Virtual Exhibit Categories and Classifications
Please provide the Category and Classification of pieces submitted for our Virtual Exhibit based on the information below.
Please choose one of the following categories for your entry. These definitions are based on the EGA
- 1. Smocking/Quilting
- Smocking is manipulation of fabric into pleats which are held in place by stitches.
The surface embroidery holds the gathered fabric in even folds or pleats. The embroidery
can be worked to create geometric patterns, or it may be worked to create picture smocking.
Traditionally, Quilting is the joining of two or more layers of cloth together with a batting or filling
with stitching to provide warmth, protection or comfort. This may include full bed quilts, or smaller
wall hangings or garments. Please indicate where machine or hand techniques were used to create the piece.
- 2. Silk and Metal
- The use of silk and metal threads for embroidery. The embroidery can be worked
on any fabric, evenweave, non-evenweave or canvas. Metal threads usually contain some
gold, silver or other metal and often must be couched or worked as beads, although some
fine Japanese gold and silver can be used as a thread and stitched into the fabric.
They may tarnish and work done with these threads is not washable. Examples include
true metal threads such as plate, Japanese gold and silver, passing thread or tambour,
bullion and purl or Jaceron.
Metallic threads have the appearance of metal threads but
are made of synthetic materials (for example, Kreinik threads). These threads are less
expensive, often easier to work with, and are washable. Pieces stitched with metallic threads
are not eligible for this category unless a substantial amount of metal threads are also used.
- 3. Counted Cross Stitch
- A basic Cross Stitch is two stitches that cross one another diagonally, so the points form a perfect square.
Counted cross stitch designs are worked from a chart or graph, with each square on the paper equal to a cross stitch.
- 4. No Longer Available
- 5. Canvas Work
- Canvas Work, or Needlepoint, is embroidery on open evenweave fabric, including Silk Gauze. It is worked with one stitch, or with a sampling of stitches.
In traditional canvaswork, all of the area is stitched.
- 6. Embroidery
- Non-counted techniques, including surface embroidery, usually stitched on a non-countable fabric. Examples include
Crewel, Shadow Work, Casalguidi, Stumpwork and Mountmellick embroidery.
- 7. Children
- Only stitchers 16 and under may enter this category. All types of needlework
may be entered. Children may choose to enter their work in the appropriate
regular category if they wish, where the piece will be judged as an adult.
- 8. No Longer Available
- 9. Open Work
- Open Work includes a variety of techniques which leave openings in the fabric, usually creating
a lace-like appearance. Individual threads may be cut and removed,
as with Hardanger, Drawn Thread or Cutwork; or the fabric may be distorted into open areas, as with Pulled Thread.
- 10. Counted Thread
- Embroidery done on easily counted even weave fabrics (such as linen, congress cloth,
aida, etc.) not included in other categories, such as Assisi, blackwork, samplers, etc..
- 11. Beading
- This includes beads stitched onto a ground fabric to create a decorative pattern, or stitched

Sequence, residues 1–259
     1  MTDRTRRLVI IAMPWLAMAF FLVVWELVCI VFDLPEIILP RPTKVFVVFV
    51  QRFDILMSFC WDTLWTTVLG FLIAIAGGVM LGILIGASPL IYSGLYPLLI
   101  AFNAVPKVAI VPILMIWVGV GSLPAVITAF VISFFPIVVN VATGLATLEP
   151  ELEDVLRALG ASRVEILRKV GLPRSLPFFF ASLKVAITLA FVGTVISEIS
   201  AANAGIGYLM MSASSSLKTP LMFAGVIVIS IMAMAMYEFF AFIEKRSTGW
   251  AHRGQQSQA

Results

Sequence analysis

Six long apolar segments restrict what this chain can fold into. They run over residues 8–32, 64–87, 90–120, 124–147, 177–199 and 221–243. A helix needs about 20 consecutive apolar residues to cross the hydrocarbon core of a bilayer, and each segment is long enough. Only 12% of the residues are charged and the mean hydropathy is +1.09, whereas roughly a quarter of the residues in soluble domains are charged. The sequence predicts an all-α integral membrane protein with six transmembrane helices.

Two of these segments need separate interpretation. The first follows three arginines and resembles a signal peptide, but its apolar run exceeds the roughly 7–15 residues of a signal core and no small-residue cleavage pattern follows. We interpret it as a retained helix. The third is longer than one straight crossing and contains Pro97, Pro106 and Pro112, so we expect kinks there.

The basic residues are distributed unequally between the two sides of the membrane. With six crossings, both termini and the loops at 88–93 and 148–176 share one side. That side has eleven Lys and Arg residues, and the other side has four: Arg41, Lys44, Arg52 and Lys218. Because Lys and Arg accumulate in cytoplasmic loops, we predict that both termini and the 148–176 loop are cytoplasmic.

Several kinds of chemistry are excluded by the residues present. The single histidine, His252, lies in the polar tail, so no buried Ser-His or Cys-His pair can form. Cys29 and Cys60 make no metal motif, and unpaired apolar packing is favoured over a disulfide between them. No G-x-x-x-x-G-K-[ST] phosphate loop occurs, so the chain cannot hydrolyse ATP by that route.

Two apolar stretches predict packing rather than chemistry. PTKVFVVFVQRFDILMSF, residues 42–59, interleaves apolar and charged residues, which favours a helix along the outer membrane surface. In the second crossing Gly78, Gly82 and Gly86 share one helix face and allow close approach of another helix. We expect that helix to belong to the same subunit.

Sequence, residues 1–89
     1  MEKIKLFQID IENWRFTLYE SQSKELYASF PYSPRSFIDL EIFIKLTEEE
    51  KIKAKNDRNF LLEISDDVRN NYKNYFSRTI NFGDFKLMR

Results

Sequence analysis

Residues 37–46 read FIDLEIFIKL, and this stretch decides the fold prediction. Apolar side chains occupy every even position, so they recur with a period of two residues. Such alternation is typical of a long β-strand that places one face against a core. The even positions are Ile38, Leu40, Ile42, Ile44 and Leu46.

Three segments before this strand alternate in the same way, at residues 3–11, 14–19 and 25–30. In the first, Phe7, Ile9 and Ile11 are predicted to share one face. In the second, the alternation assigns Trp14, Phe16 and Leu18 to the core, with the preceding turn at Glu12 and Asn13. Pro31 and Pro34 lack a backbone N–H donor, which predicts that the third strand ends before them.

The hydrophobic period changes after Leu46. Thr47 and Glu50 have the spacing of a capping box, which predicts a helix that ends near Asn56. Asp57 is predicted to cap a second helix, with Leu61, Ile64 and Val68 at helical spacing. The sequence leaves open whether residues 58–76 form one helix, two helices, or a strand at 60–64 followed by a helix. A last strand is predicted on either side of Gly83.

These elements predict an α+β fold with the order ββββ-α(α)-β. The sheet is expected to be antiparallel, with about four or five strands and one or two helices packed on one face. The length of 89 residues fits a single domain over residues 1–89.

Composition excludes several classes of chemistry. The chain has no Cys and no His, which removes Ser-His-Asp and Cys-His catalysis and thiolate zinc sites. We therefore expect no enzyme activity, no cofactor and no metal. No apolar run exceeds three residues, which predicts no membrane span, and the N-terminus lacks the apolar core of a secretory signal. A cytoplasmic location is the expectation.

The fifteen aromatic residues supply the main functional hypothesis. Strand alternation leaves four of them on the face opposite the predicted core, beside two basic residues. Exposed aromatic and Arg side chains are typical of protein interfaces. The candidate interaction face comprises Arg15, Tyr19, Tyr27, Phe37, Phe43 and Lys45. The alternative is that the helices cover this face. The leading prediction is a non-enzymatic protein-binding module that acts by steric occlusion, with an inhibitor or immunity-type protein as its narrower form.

together without a ground fabric to create flat graphic designs or three-dimensional sculpted objects.
The beads should be the primary design element, not just used to embellish another technique. Loom
work, Peyote, Brick and Herringbone stitches are commonly used without ground fabrics.
- 12. Miscellaneous
- Any technique using a needle with an eye to manipulate fibers that does not fit into another listed
category. Temari have been included here in the past.
- 13. Mixed Technique
- Two or more techniques combined in one piece. For example: free surface embroidery on canvas-worked ground,
or a piece that has substantial amounts of cross stitch and hardanger.
Please note that a piece that has
predominantly one technique with small embellishments of a different technique should be entered in the
predominant category. For example: a cross stitch piece with a small amount of hardanger should be entered
in the cross stitch category; a hardanger piece with a small amount of cross stitch should be entered in the
open work category.
The mixed technique category is for pieces that display a significant amount of multiple techniques.
Please choose one of these four options.
- An original work is one which, from the beginning, is solely the creative
product of the stitcher.
- An adaptation is needlework inspired by or based upon a source
other than needlework and modified through significant change.
Source(s) must be documented.
- An interpretation is needlework developed from a needlework design
(chart, painted canvas, class project, etc.) and modified by the stitcher through
the use of different colors, materials and stitches from the original design.
Source(s) must be documented.
Minor color changes, such as a different outline color, may not be interpretations,
whereas significant color changes, such as a scheme different from the
published design, would be classified as an interpretation.
- Commercial designs are works from kits, charts, preworked centers on canvas
work, painted canvases following instructions provided. Credit to the artist,
company, etc., should always be given when the piece is exhibited.
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This page was last updated on July 5, 2020.